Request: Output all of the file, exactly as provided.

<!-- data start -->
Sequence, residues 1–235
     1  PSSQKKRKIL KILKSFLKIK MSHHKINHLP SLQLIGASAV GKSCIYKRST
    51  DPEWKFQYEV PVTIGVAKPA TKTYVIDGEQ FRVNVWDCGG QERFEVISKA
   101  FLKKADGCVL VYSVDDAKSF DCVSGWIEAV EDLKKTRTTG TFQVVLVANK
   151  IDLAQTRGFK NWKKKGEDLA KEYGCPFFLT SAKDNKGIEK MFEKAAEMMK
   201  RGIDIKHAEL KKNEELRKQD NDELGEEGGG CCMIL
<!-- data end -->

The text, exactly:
Sequence, residues 1–235
     1  PSSQKKRKIL KILKSFLKIK MSHHKINHLP SLQLIGASAV GKSCIYKRST
    51  DPEWKFQYEV PVTIGVAKPA TKTYVIDGEQ FRVNVWDCGG QERFEVISKA
   101  FLKKADGCVL VYSVDDAKSF DCVSGWIEAV EDLKKTRTTG TFQVVLVANK
   151  IDLAQTRGFK NWKKKGEDLA KEYGCPFFLT SAKDNKGIEK MFEKAAEMMK
   201  RGIDIKHAEL KKNEELRKQD NDELGEEGGG CCMIL